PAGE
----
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Патент USA US3057610

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Oct. 9, 1962
J. J. KERLEY, JR
3,057,593
SHOCK AND VIBRATION MOUNTS OF THE CABLE SUPPORT TYPE
Filed Oct. 27, 1959
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36
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INVENTOR
James J. Ker/ey, Jr
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20 l
210
BY
ATTORNEY
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3,657,593
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Patented Oct. 9, 1962
1
2
3,057,593
should be imagined moving downward in vibration or
shock. As shown in FIGURE 2 by the elliptic locus of
progressive displacement vectors from an initial quiescent
position assumed at the top of the ellipse, angle member
SHOCK AND VIBRATEION MOUNTS OF THE
CABLE SUPPORT TYPE
James J. Kerley, Jr., Cheverly, Md, assignor to Ifierley
Engineering, Inc, College Park, Md, a corporation of
Maryland
Filed Oct. 27, 1959, Ser. No. 849,013
2 t'jiainis. ((11. 243-358)
38 ?rst moves outwardly and downwardly due to a level
ing of the passes of cable 28, ?rst for those on the right
and then for those on the left due to inertia of ‘angle 36
and the structure attached thereto.
This produces a sideward thrust component of motion
This invention relates generally to vibration supports, 10 on bracket 34 which is opposed by the torsional inertia
and more particularly it pertains to shock and vibration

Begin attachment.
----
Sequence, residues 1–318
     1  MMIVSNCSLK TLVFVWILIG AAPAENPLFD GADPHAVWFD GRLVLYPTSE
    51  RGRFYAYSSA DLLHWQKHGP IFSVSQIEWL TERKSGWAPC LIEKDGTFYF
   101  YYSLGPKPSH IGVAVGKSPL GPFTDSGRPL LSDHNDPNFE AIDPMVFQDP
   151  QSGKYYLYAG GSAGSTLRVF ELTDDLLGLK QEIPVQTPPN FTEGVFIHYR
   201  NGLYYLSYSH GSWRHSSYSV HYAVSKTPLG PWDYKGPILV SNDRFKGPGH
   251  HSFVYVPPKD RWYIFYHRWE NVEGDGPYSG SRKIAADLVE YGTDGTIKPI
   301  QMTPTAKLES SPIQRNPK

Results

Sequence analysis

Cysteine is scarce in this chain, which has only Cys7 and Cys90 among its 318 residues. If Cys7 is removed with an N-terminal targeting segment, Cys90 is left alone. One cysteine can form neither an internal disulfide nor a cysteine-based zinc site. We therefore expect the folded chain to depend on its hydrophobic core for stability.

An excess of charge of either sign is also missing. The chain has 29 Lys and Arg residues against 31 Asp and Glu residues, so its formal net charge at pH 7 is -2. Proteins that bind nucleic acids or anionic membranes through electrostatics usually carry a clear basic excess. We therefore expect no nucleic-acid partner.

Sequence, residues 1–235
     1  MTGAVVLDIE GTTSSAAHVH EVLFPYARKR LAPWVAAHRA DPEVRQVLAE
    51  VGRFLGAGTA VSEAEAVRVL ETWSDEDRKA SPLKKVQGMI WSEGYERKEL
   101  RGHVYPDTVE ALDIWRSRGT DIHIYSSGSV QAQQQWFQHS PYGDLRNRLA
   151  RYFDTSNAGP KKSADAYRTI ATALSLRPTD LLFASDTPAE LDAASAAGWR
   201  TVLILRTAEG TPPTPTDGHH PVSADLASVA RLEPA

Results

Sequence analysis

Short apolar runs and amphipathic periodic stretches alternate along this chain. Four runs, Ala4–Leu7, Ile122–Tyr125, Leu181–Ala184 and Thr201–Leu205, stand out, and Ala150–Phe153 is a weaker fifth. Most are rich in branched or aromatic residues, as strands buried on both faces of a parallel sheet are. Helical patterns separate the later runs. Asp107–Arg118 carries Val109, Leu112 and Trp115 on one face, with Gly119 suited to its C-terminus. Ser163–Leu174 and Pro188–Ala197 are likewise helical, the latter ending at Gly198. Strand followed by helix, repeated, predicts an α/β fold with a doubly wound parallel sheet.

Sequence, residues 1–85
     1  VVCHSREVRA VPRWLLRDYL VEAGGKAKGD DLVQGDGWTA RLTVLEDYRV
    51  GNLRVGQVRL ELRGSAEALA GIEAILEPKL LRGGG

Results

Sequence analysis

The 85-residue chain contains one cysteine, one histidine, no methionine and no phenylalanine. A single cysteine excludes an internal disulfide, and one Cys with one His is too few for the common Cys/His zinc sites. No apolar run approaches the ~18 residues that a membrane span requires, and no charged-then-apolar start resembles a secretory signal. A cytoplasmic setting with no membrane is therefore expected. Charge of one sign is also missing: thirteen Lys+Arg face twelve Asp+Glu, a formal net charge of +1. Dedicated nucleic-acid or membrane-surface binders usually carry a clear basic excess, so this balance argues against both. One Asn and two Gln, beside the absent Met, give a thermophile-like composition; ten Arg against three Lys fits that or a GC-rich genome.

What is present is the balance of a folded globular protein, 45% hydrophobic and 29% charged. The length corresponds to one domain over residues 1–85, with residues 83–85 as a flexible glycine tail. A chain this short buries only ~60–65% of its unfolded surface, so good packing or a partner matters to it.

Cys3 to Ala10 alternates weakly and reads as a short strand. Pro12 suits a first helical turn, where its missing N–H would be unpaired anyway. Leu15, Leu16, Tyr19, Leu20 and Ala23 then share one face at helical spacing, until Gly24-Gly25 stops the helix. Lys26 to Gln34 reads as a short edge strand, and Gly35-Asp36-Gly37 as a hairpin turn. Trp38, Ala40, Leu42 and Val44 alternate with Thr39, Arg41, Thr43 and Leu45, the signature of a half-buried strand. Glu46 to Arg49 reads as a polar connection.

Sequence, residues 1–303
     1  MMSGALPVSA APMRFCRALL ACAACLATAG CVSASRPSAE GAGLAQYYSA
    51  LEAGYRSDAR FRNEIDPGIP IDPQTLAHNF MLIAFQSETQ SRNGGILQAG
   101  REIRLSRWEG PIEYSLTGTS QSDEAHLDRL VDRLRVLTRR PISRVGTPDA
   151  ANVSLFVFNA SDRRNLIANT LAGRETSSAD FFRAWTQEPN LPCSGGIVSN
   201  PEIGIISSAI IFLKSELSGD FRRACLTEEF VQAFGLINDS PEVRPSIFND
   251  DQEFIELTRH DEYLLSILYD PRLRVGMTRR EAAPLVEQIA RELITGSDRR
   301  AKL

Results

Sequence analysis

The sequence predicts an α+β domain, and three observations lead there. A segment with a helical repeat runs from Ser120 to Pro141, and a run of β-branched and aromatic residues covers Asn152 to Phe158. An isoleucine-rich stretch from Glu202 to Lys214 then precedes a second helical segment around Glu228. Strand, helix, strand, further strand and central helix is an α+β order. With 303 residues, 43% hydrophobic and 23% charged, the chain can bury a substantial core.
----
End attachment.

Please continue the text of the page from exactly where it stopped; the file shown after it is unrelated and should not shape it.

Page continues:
of the unit 32 secured on bracket 34 and the corner struc
tural angle 36 is given an opposing restoring force which
tends to center it again between bracket 34 and support
33. With no place to go since the cables 28 on both sides
In shock and vibration isolation systems, advantage is
often taken of the inertia of the isolated mass or attached 15 are nearly horizontal, the structural angle 36 is forced
outwardly with respect to unit 32. As unit 32 responds
structure to ?lter and gradually absorb the energy. All
mounts of the cable support type for isolating a mass from
shock and vibration forces.
three axes of resistance to motion have been exploited.
to the sideward thrust, it rotates clockwise as viewed from
above, so that angle 36 then begins to move inwardly.
There remains another inertia opposing force which is of
A similar action, but in opposite sense, meanwhile is
the rotational type. A helical spring mount is of this
class. However, its employment in the past leaves much 20 taking place to the right of the near support 38' in FIG.
to be desired in performance.
1.
Here cable action results in an e?ective shortening
and the right hand corner angle 36 moves initially down
Accordingly, it is an object of this invention to provide
wardly and inwardly following a similar elliptic motion
a cable support shock and vibration mount which func
but in the opposite direction.
tions in a twist mode of operation.
Thus, it can be seen that the elliptical vectors for all
Another object of this invention is to provide a rectan~ 25
corner structural angles 36 are in phase either clockwise
gular embracing shock absorbing structure operating in a
or counterclockwise but every other angle 36, counting
torsion mode.
around the structure absorbs the energy by outward or
And yet another object of this invention is to provide
inward motion as the case may be to eifectively isolate
an improved vibration isolating cable arrangement giving
support at right angles and having unique energy absorb 30 the unit 32. Simultaneously, unit 32 executes small oscil
lations around a vertical axis accompanied by small cyclic